House and Senate conferees agreed late on Thursday to ban the leasing of aerial refueling aircraft as part of a final deal on a $422 billion defense authorization bill, killing a proposed $23.5 billion Air Force deal with Boeing Co., congressional sources said.
The House of Representatives is due to vote on the measure on Friday, with the Senate expected to put off a vote until after the Nov. 2 elections, said the sources, who asked not to be identified.
The agreement follows recent developments in the tanker case, including an expanded federal investigation, and a decision by the White House to withdraw its nomination of Air Force Gen. Gregory Martin to head the U.S. Pacific Command to avoid a long confirmation battle sparked by the tanker deal.
Last week Darleen Druyun, the former No. 2 Air Force weapons buyer, was sentenced to nine months in jail for illegal job talks with Chicago-based Boeing while still overseeing the tanker deal and other Boeing business. She admitted favoring Boeing to help get a job with the defense company.
The bill authorizing defense spending in fiscal year 2005 allows the Air Force to enter into a multiyear agreement to buy refueling tankers — rather than leasing them — after two additional studies are completed. But it says the deal cannot be based on the 2002 defense bill, which told the Air Force to negotiate a deal specifically with Boeing, the sources said.
They said the bill maintains $100 million of funding to begin the multiyear effort to begin replacing the existing fleet of aging KC-135s, but expressly bans the retirement of any of the existing tankers in fiscal year 2005, they added.
In addition, the bill stipulates that the contract to maintain any new tankers purchased by the government should be open to competition, rather than being awarded on a sole-source basis to Boeing, as the Air Force had planned.
Big victory for McCain
The agreement marks a huge victory for Sen. John McCain, the Arizona Republican who led three years of congressional debate over the Air Force plan to lease 100 Boeing tankers, a deal already scaled back sharply last year to the lease of just 20 aircraft and the purchase of 80 more last year.
McCain and other opponents argued that leasing the tankers would cost billions of dollars more than if the U.S. Air Force bought the tankers directly and called it a sweetheart deal for Boeing. The Air Force insisted a lease would allow it to begin replacing the tankers sooner than under a direct purchase.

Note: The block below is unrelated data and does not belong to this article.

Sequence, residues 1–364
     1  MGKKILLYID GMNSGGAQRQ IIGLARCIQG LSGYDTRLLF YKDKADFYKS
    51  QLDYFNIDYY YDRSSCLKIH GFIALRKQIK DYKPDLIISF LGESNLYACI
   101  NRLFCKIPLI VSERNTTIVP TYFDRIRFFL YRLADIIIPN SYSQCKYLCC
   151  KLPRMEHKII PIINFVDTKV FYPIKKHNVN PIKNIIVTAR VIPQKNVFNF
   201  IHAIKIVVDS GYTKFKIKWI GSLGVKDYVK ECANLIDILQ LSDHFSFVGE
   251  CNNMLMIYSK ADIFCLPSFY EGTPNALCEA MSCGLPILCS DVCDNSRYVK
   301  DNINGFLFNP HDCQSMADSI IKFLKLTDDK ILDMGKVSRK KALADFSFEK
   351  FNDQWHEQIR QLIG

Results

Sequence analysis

It marks another setback for Boeing, which had hoped to be well into production of the new 767 tanker aircraft by now, and the Air Force, which has continued to insist that it needs to begin replacing its current tanker fleet, due to its advanced age and increasing maintenance problems and costs.
Congressional sources said Boeing could still win a deal to build the new tankers for the Air Force, but it would have to compete for the work with other companies, including Europe's largest aerospace and defense company, EADS.
Several studies, including one by the Pentagon's highly regarded Defense Science Board, have concluded that corrosion problems with the current tanker fleet are more manageable than the Air Force has claimed, undercutting its argument for a speedier replacement of the tankers.
Defense Secretary Donald Rumsfeld put the Air Force's proposed agreement with Boeing on hold last December after Boeing fired Druyun and the company's chief financial officer. Boeing Chief Executive Phil Condit resigned a week later.
Rumsfeld is awaiting the results of a formal analysis of the alternatives and a comprehensive study of the Air Force's air mobility needs, which should be completed in November. Air Force officials had expected a decision in early 2005.
Meanwhile, federal prosecutors are investigating possible tanker-related conflict-of-interest violations involving Air Force Secretary James Roche, Air Force acquisitions chief Marvin Sambur and Robin Cleveland, an associate director of the White House Office of Management and Budget.
EADS is also considering possible legal action over Druyun's admission last week that she gave Boeing pricing data on the rival Airbus tanker offered by EADS, Ralph Crosby, chief executive of EADS North America, said on Wednesday.
Boeing has said it believes it never received proprietary information from Druyun or anyone else in the Air Force.